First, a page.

For much of the period between the 16th and 18th centuries, religious presses dominated the landscape of printing and publishing in the Philippines until the proliferation of the secular press in the 19th century – signalling a maturation of the printing and publishing industry in the country.
The first newspaper published in the Philippines, Gaceta del Superior Gobierno (Gazette of the High Government), made its debut on 8 August 1811. Edited by the governor-general of the Philippines, Mariano Fernández de Folgueras, the Spanish-language newspaper focused on political news in Europe that affected Spain, principally the Napoleonic Wars. However, the newspaper was not published regularly. It ceased publication after just 15 issues, with the last edition released on 7 February 1812.
This paved the way for other Spanish-language newspapers, such as the first daily La Esperanza (1846–1849) and Diario de Manila (1848–1898?), one of the longest-running newspapers published during the Spanish colonial era. The first daily in Tagalog, Diariong Tagalog, was published in 1882.25
Some leading printing firms and publishing houses in the 19th century include the Imprenta y Litografía de Ramírez y Giraudier, which was established in 1858 as a lithographic printing firm, and Carmelo and Bauermann (1887–1938), a major publishing house co-founded by artist-engraver Don Eulalio Carmelo de Lakandula, and William Bauermann, a German lithographer and cartographer. Carmelo’s son Alfredo (a famous Filipino aviator), operated the firm until 1938. Collectively, both firms produced some of the most beautiful prints on the Philippines, such as the images of Filipino life and landscapes in the illustrated magazine Ilustración Filipina,26 and maps of the Philippines.
Another firm, Cacho Hermanos, which started as a printing shop set up in 1880 by the first lithographic printer in the Philippines, Salvador Chofre, is one of the longest surviving printers still in business today.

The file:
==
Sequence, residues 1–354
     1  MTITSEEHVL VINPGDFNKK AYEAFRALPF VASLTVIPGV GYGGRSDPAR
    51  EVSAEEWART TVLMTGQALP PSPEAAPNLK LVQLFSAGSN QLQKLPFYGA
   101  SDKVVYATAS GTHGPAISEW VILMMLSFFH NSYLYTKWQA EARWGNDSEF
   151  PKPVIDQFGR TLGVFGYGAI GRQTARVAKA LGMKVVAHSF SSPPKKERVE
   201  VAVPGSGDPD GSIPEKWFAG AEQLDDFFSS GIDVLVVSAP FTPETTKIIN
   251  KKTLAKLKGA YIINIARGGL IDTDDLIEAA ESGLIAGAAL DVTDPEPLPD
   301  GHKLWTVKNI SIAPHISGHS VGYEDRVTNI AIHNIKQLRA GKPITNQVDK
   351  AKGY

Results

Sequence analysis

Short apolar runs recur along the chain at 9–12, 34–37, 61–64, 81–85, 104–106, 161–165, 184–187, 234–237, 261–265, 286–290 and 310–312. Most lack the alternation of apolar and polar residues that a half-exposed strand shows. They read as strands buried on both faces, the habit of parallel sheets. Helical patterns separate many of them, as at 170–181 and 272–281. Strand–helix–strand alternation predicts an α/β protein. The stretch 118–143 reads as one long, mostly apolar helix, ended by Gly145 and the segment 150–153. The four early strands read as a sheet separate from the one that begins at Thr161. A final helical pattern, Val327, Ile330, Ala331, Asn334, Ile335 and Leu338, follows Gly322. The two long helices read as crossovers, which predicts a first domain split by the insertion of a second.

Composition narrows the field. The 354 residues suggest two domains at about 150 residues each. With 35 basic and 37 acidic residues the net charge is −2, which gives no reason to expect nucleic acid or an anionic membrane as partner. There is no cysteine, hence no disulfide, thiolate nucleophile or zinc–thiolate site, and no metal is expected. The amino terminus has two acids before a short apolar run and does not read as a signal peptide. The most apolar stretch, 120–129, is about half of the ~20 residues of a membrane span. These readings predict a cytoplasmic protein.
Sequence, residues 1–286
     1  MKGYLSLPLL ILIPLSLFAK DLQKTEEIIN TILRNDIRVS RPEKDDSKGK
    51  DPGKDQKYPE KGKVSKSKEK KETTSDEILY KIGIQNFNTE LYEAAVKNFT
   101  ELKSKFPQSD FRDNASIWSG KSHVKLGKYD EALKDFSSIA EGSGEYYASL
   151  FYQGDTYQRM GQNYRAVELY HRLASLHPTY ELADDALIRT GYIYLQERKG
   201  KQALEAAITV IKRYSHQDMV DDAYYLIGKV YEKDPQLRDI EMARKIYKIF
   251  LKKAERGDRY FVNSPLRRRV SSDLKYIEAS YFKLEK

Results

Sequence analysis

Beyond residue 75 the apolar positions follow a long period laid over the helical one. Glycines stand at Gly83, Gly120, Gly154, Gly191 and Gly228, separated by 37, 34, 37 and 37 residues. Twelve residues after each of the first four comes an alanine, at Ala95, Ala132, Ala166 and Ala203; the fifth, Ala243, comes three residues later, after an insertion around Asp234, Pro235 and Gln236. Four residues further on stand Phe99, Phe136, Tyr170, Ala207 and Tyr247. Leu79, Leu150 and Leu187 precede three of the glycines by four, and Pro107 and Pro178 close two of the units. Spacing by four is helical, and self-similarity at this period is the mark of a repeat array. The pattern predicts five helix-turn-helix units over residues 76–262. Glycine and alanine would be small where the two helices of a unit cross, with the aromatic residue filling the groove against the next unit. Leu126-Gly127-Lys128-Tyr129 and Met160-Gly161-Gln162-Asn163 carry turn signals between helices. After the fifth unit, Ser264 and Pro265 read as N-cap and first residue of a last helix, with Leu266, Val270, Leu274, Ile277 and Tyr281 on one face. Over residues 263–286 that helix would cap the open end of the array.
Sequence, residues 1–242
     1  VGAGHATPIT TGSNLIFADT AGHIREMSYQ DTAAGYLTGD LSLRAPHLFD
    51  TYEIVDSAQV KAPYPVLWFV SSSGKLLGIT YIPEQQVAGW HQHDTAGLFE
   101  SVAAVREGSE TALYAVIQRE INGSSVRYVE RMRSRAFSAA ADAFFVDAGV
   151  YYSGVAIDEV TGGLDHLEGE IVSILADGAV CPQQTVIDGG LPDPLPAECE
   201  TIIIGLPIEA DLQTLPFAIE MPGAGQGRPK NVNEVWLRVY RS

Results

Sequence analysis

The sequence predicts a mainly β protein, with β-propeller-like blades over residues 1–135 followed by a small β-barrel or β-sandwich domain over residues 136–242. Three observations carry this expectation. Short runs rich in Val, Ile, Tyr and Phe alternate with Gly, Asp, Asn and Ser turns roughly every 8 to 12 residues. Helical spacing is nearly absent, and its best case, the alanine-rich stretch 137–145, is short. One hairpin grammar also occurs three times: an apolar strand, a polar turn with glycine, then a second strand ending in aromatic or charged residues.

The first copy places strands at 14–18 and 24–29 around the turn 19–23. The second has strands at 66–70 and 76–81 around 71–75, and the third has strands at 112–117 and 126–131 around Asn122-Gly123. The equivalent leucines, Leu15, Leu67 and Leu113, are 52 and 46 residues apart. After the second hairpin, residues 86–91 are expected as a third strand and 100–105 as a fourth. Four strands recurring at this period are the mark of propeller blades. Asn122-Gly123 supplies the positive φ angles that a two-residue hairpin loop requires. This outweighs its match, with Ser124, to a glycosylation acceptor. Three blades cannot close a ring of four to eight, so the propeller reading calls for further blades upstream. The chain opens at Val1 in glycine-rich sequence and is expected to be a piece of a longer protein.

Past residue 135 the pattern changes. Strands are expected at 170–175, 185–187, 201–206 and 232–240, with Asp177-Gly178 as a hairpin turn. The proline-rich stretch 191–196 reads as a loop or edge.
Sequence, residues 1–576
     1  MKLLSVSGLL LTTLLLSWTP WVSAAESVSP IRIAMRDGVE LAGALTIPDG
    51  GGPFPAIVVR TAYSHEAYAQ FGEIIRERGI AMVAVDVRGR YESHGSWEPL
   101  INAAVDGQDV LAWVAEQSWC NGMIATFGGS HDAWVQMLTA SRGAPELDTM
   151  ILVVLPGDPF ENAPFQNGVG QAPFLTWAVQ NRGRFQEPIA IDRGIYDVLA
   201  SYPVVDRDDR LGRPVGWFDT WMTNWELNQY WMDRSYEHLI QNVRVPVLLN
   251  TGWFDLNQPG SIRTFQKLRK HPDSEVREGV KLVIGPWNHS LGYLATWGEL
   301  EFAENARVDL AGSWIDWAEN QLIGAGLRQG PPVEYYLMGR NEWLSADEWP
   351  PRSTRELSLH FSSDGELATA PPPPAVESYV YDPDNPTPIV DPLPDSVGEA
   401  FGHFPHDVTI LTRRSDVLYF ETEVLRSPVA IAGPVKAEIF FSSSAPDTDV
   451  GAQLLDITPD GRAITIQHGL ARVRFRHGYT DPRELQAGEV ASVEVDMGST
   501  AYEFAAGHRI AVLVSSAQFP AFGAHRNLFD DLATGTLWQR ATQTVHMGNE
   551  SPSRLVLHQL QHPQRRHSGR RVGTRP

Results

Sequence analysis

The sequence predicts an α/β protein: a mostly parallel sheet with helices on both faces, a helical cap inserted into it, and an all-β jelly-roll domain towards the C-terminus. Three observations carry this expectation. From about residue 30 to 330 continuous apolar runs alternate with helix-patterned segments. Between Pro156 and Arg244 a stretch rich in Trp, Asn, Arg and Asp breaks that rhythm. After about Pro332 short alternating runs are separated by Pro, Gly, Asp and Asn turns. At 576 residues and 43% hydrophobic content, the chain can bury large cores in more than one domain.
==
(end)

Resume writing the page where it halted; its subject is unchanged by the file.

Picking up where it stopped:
In 1901, the Bureau of Printing (today’s National Printing Office) was created to take charge of all routine government printing jobs such as government gazettes, official reports and communication materials. The emergence of commercial and government printing sets the stage for the next phase of the history of printing and publishing in the Philippines as Spanish colonial rule drew to a close, to be replaced by another colonial master, the United States, in the early 20th century.
Gracie Lee is a Senior Librarian with the National Library, Singapore. She works with the library’s rare materials collections, and her research areas include Singapore’s publishing history and the Japanese Occupation.
Kornicki, P.F. (2018). Languages, scripts, and Chinese texts in East Asia (p. 117). Oxford: Oxford University Press. (Not available in NLB holdings) ↩
Wolf, E. (1947). Doctrina Christiana: The first book printed in the Philippines, Manila, 1593. Retrieved from Project Gutenberg website. ↩
Vallejo, R.M. (n.d.). Books and bookmaking in the Philippines. Retrieved from the National Commission for Culture and Arts (Republic of the Philippines, Office of the President) website; Suarez & Woudhuysen, 2013, p. 112. ↩
The Parián was an area built to house Chinese merchants in Manila in the 16th and 17th centuries during the Spanish colonial period. It quickly became the commercial centre of Manila comprising the Chinese silk market and other small shops of tailors, cobblers, painters, bakers, confectioners, candle makers, silversmiths, apothecaries and other tradesmen. ↩
Wolf, 1947. ↩